Happy to delete this if anyone else steps in. If not, get on board or step aside. Essential albums ain’t dying on my watch, Baby.
One of The Big Four from my high school years, alongside Crocodiles, Kilimanjaro and You Can’t Hide Your Love Forever, High Land Hard Rain remains one of my favourite, most played and most bought albums - vinyl, cassette, CD, purchases for friends, gifts.. I wasn’t cool enough to have picked up on the two Postcard singles Just Like Gold (George Michael’s favourite single?) and Mattress Of Wire, or indeed the initial, Rough Trade release of Pillar To Post. It wasn’t until the end of the year, 1982, when listening to The Festive 50 that I became aware of Aztec Camera as more than another weird name in the NME. I loved the Festive 50 and always viewed it as an opportunity to catch something I might have missed during the year. The other end of year find I recall clearly from 1982 was Shambeko! Say Wah! Remember, which felt like a burst of unbridled optimism in a pretty bleak (for school leavers) time. I remain a fan of Wylie to this day.
After a week of not eating school dinners I headed to Jumbo and bought both singles. Helpful as ever, the good people who manned the counter also sent me home with Seven Minutes To Midnight and Josef K’s Chance Meeting, the only Postcard single they had in stock. A wonderful, shambolic single with some understated horn playing to boot. They also put in an ultimately unsuccessful order for the afore mentioned Aztec Camera singles.
Fast forward to the Spring of ’83 and High Land Hard Rain gets released to critical acclaim. Elvis Costello remarks on Roddy Frame’s talents both as a lyric writer and his magnificent, at times, jazz infused guitar chops. All well and good but I’ve often thought the talents of Dave Ruffy (drums), Bernie Clarke (keyboards) and Campbell Owen (bass) were criminaly overlooked as a consequence of the spot light shining so brightly on Roddy Frame. Did you know he had the bulk of the album written by the time he was 8? That at 3 he’d sit in the kitchen eating soup, listening to the radio and calling out chord changes in Bowie’s Heroes to his mum? Well, there were all kinds of anecdotes like that doing the rounds at the time. Suffice to say he was very talented and very young to be so talented.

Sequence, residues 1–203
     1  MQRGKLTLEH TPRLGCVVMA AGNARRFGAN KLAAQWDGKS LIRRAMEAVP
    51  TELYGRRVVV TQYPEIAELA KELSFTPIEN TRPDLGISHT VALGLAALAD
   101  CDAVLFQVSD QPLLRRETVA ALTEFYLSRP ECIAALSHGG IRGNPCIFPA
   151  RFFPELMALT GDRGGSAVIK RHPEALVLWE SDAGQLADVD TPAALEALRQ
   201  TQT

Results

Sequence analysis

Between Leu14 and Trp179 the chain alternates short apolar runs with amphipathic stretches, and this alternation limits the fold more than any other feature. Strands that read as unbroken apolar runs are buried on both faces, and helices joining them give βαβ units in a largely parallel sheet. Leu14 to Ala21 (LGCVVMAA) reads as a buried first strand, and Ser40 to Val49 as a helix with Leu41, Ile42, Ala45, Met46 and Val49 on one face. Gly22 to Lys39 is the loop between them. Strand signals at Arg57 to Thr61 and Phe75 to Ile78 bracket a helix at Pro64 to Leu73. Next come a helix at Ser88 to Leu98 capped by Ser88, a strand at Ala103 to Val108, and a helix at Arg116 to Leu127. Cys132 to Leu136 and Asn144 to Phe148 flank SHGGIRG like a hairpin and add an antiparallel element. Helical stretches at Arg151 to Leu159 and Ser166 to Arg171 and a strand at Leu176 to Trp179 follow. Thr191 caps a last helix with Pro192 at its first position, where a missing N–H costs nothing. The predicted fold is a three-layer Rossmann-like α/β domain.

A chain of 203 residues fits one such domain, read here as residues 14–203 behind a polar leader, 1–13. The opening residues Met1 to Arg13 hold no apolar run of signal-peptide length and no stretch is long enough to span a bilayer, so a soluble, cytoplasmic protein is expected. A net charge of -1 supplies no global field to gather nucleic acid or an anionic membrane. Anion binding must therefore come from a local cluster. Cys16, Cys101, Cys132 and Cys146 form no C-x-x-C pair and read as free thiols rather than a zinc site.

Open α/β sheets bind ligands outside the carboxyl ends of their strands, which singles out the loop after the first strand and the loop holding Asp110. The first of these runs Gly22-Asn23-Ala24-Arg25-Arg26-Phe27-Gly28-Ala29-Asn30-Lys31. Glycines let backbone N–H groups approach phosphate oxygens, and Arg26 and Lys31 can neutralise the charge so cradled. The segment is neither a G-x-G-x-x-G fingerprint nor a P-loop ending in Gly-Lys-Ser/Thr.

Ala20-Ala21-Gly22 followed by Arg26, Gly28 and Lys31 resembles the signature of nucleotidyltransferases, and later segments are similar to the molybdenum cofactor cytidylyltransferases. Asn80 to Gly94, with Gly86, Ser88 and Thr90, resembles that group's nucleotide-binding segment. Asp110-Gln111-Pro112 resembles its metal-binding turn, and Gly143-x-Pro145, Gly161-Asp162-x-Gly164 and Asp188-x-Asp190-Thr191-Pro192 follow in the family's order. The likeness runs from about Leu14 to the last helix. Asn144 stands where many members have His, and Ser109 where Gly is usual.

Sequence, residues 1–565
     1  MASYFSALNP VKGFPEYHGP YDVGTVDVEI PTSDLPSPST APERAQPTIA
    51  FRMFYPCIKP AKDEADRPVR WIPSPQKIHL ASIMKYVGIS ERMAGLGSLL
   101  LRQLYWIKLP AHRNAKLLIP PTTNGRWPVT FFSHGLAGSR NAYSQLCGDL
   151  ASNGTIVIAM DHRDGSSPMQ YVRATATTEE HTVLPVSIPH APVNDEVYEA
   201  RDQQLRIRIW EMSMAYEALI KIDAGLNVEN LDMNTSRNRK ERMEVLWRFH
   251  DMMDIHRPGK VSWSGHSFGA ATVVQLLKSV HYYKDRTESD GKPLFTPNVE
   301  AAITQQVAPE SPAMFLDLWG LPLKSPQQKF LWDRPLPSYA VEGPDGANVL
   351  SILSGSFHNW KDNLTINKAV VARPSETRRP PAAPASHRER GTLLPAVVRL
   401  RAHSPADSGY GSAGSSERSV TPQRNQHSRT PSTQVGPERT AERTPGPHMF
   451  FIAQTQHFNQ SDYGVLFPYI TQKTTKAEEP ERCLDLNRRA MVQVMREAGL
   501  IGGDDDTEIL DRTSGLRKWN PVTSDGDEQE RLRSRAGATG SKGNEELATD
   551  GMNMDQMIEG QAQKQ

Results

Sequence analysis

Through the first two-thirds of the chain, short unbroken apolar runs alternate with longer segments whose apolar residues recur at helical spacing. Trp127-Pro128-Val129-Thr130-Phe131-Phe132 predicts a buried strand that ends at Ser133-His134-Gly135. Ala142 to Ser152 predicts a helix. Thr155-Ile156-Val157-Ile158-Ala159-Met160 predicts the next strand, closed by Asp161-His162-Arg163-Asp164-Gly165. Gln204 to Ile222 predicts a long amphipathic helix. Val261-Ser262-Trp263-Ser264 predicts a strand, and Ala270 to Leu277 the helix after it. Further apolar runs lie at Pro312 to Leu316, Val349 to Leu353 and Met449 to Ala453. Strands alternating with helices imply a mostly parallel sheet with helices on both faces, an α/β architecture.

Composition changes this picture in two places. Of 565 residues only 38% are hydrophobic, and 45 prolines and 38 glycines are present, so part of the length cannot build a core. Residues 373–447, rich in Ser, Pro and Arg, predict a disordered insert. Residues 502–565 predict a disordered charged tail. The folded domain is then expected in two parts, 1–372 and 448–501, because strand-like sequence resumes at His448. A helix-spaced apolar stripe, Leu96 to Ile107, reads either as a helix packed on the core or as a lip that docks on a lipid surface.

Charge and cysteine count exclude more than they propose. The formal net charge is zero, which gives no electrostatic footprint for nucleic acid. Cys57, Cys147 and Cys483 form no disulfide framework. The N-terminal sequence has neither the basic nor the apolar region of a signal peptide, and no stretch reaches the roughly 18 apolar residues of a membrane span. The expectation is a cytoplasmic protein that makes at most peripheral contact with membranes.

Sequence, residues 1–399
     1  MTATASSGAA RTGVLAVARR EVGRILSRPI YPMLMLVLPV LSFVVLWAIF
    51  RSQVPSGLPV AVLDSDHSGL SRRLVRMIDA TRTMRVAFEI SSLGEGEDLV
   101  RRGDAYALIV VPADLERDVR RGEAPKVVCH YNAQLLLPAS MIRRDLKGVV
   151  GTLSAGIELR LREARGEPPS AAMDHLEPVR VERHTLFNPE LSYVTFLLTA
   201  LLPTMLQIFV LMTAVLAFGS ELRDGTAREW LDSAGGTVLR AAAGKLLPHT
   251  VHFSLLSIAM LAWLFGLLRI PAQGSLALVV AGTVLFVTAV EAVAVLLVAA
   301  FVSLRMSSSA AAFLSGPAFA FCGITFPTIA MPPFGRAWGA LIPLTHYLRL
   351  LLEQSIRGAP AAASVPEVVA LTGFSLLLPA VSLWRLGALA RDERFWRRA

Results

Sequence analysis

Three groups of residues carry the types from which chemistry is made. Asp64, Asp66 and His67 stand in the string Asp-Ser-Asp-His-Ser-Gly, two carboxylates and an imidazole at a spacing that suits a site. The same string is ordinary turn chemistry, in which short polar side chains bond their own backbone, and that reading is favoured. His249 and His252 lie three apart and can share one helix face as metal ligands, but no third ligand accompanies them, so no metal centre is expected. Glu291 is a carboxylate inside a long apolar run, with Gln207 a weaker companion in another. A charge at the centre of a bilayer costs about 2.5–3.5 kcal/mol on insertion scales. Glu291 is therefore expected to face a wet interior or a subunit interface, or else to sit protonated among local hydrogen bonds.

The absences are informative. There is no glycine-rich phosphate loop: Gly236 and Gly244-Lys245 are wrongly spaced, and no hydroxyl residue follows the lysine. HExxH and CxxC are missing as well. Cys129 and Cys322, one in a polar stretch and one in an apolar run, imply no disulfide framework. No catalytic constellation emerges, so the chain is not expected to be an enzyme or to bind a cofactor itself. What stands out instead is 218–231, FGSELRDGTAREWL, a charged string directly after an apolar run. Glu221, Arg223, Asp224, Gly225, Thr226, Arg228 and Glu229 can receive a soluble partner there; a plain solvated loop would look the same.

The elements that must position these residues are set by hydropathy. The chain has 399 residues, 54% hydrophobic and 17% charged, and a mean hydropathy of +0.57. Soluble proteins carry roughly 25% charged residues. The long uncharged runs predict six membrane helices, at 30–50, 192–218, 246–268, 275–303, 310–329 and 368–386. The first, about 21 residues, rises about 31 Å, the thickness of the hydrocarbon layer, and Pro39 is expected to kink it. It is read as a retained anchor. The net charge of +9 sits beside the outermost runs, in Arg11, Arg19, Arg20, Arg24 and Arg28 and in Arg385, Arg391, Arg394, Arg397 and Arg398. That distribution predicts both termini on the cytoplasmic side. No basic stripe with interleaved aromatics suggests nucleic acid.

Onto the album itself. No let’s have a look at the cover first. Isn’t she beautiful? Yes she is Jon, I hear you say. A marvelous piece of art by David Bland (worthy of his own thread). A rabbit, on a ladder, playing a trumpet while a train speeds by in the background. Sound shocking looks great. The inner sleeve a lustrous deep red with the lyrics, and they are pure poetry in parts, on one side (from memory, I only have the CD here) and a photo of Roddy in one of those Davey Crocket style suede fringe jackets (maybe he was influenced by The Byrds?) silhouetted against a well illuminated store window. Artsy or what?
Anyway, the tunes. Oblivious, an absolute classic of a pop single that, much like There She Goes, needed multiple releases before the public caught on to its beauty. I still pick up on new things in this tune today. I’m sure you audiophiles would have a field day with your preamps and speakers on stilts listening to this, on vinyl naturally.
The Boy Wonders, you know what, I’m not going to go through this track by track, others have done that much better than I could ever manage. Suffice to say I never skip a song when playing this album, it’s all totally wonderful and works as a complete entity. There’s some truly beautiful guitar playing on here. The instrumental bit in We Could Send Letters for instance gets me every time.
For all it’s bright and breezy initial feel and Springtime release date High Land Hard Rain has always felt more like a winter album, a dark night album. I played it to death in my bedroom during my teens, we were always outside when it was light back then. Years later I used to love walking into The Scratcher, my one time watering hole of choice, around midnight to find them playing the whole album. Pints of Guinness, ill advised whiskey chasers, a great crowd,
I don’t know much about most of the bands I profess to love. I don’t have much interest in celebrity. I know a bit about The Beatles and Dylan and Copey but that’s about it, so I can’t even offer anything on that front either. But, the idea was to put an album up, have a listen and see what you think. Give it a go Pop Pickers then do your worst in the thread that follows.
The original album ended with Down The Dip, the additional tunes are B-sides and pretty fine too, even the rockabilly style Queens Tattoo.
It is to my eternal regret that when I had the chance to see Aztec Camera I opted to stay in the taproom of our local nattering with old blokes who are all probably dead now about nothing much in particular instead of getting in a cab with H and a couple of other chums and heading across town to the gig. You live you learn.